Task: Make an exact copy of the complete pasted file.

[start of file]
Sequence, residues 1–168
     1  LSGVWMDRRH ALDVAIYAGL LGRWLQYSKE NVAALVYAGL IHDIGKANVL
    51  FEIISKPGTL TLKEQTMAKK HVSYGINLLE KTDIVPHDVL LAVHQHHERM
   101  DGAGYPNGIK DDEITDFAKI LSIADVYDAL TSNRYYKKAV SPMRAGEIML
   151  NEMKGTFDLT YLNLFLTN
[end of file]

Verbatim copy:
Sequence, residues 1–168
     1  LSGVWMDRRH ALDVAIYAGL LGRWLQYSKE NVAALVYAGL IHDIGKANVL
    51  FEIISKPGTL TLKEQTMAKK HVSYGINLLE KTDIVPHDVL LAVHQHHERM
   101  DGAGYPNGIK DDEITDFAKI LSIADVYDAL TSNRYYKKAV SPMRAGEIML
   151  NEMKGTFDLT YLNLFLTN